(NASHVILLE SKYLINE is a column by CMT/CMT.com Editorial Director Chet Flippo.)
Tonight, I’m torn between dwelling on country music’s legacy and its uncertain future. I’m listening to and watching the first-available DVDs of the vintage Flatt & Scruggs TV shows from long ago. And I’m at the same time reading online that Apple’s Steve Jobs is positing what may be the only workable solution to breaking through the logjam of downloading music and thus preserving the future of the music industry.
To backtrack, for an object lesson, Jobs saved the record industry’s ass in 2003 when he developed iTunes at a time when the music industry couldn’t fathom a way out of its morass of not being able to face and deal with the dilemma of downloading songs or not downloading songs. The industry did nothing. Jobs said downloading could work with iTunes. It worked.
The labels learned nothing from that lesson and continued to stonewall efforts at wholesale and effortless downloading of songs and albums. Their big hang-up now is DRM (digital rights management), the techie method of basically preventing you from ever making a copy of anything that you legally download and pay for. The labels don’t want you to be able to copy anything for any reason whatsoever. Steve Jobs, in an open letter to the industry, is now saying the ability to make copies may be the final solution to legal downloading and that he will do that on Apple’s iTunes if the labels will cooperate. I doubt that they will do so.
CD sales are terminally down. There are no foreseeable solutions to that. No label chiefs are commenting on the crisis or how to address it. Country retail CD sales are likewise obviously in the toilet. Everyone’s waiting to see how Tim McGraw’s new album in March will do, to see if it will re-invigorate the country market. But the problem goes beyond an immediate McGraw fix. CD sales overall are dwindling. They have to be replaced with something if the music industry is to survive. How? Country downloads are not filling the void. What to do? Well, that’s the industry’s problem.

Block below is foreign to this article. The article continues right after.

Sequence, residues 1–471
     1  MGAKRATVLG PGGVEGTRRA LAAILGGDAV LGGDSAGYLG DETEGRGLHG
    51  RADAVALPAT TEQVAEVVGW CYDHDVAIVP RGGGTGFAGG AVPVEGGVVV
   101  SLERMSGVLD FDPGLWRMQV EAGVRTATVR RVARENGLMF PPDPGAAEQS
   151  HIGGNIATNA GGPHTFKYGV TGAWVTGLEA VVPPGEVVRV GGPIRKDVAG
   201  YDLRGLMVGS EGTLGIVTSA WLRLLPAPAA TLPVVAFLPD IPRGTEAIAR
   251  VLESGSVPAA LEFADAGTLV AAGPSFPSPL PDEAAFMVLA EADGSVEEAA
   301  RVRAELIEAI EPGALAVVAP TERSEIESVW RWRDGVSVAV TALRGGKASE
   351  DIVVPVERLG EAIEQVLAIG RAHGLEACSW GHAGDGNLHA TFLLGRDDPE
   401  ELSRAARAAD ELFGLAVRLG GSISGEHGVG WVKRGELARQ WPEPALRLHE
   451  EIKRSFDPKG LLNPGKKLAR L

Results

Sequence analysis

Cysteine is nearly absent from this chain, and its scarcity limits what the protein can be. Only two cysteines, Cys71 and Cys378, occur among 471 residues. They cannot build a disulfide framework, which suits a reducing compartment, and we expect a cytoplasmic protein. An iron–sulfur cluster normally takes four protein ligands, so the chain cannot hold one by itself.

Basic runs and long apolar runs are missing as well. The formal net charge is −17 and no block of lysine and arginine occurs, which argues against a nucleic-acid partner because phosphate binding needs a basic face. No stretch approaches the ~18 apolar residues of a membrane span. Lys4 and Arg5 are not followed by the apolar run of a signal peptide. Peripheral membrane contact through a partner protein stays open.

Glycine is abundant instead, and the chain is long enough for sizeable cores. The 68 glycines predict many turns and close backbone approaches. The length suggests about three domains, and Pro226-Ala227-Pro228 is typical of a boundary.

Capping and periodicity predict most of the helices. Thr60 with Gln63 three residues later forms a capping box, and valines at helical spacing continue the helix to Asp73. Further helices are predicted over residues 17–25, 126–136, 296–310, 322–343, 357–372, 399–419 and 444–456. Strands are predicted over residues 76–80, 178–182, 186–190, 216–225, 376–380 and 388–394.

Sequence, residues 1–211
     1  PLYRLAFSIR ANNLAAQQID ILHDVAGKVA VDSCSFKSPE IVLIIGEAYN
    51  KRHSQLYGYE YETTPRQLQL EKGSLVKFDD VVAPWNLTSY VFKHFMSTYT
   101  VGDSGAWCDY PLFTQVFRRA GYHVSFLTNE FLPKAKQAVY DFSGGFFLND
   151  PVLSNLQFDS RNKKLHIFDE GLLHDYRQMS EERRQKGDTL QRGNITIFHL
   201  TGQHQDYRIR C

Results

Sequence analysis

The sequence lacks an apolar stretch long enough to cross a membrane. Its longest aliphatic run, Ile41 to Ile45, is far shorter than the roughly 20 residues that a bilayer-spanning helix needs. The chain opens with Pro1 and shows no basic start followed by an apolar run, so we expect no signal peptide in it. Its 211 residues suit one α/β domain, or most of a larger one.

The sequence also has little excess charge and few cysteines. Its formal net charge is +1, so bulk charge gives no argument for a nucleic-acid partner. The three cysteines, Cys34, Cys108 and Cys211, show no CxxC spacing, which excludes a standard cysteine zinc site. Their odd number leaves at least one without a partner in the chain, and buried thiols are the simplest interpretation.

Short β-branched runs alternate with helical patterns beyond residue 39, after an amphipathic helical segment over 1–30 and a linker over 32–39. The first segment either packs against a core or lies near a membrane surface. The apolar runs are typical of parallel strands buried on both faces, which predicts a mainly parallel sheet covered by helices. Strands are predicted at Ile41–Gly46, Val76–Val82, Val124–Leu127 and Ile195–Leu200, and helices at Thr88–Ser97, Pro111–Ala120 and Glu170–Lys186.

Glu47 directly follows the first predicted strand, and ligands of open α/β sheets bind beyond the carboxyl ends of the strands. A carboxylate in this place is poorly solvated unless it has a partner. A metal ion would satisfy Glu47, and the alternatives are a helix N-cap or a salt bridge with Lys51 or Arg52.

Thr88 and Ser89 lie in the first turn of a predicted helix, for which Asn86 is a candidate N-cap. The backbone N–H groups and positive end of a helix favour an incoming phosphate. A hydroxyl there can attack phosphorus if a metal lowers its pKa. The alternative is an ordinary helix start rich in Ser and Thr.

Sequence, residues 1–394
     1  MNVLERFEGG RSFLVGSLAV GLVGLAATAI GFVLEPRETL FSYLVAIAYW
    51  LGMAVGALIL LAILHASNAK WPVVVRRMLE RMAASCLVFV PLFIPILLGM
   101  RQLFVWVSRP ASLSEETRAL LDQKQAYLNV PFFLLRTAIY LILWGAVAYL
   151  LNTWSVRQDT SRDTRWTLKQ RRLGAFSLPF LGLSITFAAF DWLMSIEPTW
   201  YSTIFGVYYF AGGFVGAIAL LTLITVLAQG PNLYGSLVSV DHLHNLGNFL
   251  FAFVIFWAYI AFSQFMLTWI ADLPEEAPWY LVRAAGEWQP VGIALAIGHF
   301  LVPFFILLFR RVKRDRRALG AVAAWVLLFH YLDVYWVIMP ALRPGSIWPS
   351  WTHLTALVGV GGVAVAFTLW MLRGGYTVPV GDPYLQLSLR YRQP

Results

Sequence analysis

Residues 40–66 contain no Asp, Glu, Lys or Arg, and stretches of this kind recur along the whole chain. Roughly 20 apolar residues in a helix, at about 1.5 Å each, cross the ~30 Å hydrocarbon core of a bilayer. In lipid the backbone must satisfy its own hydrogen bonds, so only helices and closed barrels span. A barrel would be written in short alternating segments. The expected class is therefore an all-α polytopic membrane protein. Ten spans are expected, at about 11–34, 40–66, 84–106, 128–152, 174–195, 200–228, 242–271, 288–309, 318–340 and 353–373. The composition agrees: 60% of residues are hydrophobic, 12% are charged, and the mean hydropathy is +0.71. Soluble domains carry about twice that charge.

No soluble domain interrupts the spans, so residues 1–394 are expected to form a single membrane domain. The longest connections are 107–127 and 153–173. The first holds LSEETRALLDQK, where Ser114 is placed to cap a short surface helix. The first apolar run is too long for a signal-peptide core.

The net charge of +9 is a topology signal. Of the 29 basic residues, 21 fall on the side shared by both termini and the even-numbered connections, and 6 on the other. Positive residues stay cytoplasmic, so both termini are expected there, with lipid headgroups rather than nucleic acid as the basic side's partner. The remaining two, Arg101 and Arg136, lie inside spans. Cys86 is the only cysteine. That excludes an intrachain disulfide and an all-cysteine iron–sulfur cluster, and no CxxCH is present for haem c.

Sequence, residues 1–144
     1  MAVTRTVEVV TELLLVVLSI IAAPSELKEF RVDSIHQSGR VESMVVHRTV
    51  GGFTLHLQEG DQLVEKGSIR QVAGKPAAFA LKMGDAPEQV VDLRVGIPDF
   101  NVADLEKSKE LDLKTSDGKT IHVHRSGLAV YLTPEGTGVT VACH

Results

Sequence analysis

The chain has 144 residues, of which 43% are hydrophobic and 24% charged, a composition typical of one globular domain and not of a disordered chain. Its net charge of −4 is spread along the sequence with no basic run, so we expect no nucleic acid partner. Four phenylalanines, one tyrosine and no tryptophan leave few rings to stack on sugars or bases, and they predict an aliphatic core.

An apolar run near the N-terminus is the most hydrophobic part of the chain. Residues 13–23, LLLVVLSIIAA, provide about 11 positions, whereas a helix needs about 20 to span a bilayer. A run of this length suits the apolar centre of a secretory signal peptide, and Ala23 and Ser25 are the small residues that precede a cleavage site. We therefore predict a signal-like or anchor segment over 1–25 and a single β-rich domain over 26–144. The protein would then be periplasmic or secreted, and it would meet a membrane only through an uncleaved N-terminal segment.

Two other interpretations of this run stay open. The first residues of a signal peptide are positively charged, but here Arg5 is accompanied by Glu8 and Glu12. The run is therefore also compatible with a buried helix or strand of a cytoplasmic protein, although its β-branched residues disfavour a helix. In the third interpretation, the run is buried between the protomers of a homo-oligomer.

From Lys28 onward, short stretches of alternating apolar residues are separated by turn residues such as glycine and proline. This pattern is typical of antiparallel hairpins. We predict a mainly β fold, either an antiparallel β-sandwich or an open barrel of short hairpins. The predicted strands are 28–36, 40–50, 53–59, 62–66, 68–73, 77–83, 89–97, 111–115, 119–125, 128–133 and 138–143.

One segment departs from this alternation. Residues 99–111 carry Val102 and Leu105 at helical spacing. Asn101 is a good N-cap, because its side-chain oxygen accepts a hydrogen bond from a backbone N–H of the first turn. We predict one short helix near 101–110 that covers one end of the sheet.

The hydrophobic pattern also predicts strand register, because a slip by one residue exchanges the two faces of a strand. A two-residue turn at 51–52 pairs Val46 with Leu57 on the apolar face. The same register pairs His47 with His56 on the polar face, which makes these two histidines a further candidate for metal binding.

Meanwhile, journey back with me to a warm wonderland in the early 1960s of the aroma of piping hot Martha White cornbread and biscuits cooking in the oven and the sound of ringing Flatt & Scruggs bluegrass tunes. The first two DVD releases of Best of the Flatt & Scruggs TV Show, better known as Now You Bake Right: Flatt & Scruggs Television Shows, Sponsored by Martha White are being released by the Country Music Hall of Fame and Shanachie Entertainment on March 27. Vol. 1 and Vol. 2 each contain two half-hour programs. More are expected later this year. Thirty-six shows in all have been discovered. For years, they were thought to have not survived — such was the early mentality in television that shows were discarded and not preserved.
One of the most astonishing things about these DVD releases is seeing Flatt & Scruggs’ obvious joy in getting into a new wonderland of getting their music to their fans. At the time, as Scruggs has recalled, the band quickly discovered that television was obviously better than touring, for many reasons. And the bluegrass band relished in being on TV. Genial lead singer Lester Flatt loved his role as spokesman, and Scruggs obviously doted on being spotlighted as the instrumental virtuoso.
And each half-hour program is a little jewel highlighting Flatt & Scruggs songs, jokesy host patter, folksy Martha White recipes presented by a Martha White babe (in a gingham dress), an earnest gospel song by the Foggy Mountain Gospel Quartet (made up of Scruggs and Flatt and mandolin player Curly Seckler and fiddler Paul Warren), cornpone humor, virtuoso picking by Scruggs on both banjo and guitar and by Josh Graves on Dobro, such guest artists as Mother Maybelle Carter and just a general country good time.
The shows are in black-and-white and show the group to be every bit as confident and authoritative as I recall them being.
Flatt & Scruggs never met Steve Jobs, obviously. But if they had met, they would have recognized themselves as brothers-in-arms. For they had a common goal: to dominate their market and leave a mark. And they both did so.